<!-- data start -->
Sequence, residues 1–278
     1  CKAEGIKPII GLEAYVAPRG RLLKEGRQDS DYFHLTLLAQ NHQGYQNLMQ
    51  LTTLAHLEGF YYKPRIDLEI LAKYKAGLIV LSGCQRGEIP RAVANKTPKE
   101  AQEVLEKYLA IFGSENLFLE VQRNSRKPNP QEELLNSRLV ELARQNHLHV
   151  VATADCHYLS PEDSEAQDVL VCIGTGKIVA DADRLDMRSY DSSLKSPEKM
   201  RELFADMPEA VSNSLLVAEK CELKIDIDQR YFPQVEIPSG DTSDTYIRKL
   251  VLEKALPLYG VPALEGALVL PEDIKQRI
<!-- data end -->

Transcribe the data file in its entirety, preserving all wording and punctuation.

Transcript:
Sequence, residues 1–278
     1  CKAEGIKPII GLEAYVAPRG RLLKEGRQDS DYFHLTLLAQ NHQGYQNLMQ
    51  LTTLAHLEGF YYKPRIDLEI LAKYKAGLIV LSGCQRGEIP RAVANKTPKE
   101  AQEVLEKYLA IFGSENLFLE VQRNSRKPNP QEELLNSRLV ELARQNHLHV
   151  VATADCHYLS PEDSEAQDVL VCIGTGKIVA DADRLDMRSY DSSLKSPEKM
   201  RELFADMPEA VSNSLLVAEK CELKIDIDQR YFPQVEIPSG DTSDTYIRKL
   251  VLEKALPLYG VPALEGALVL PEDIKQRI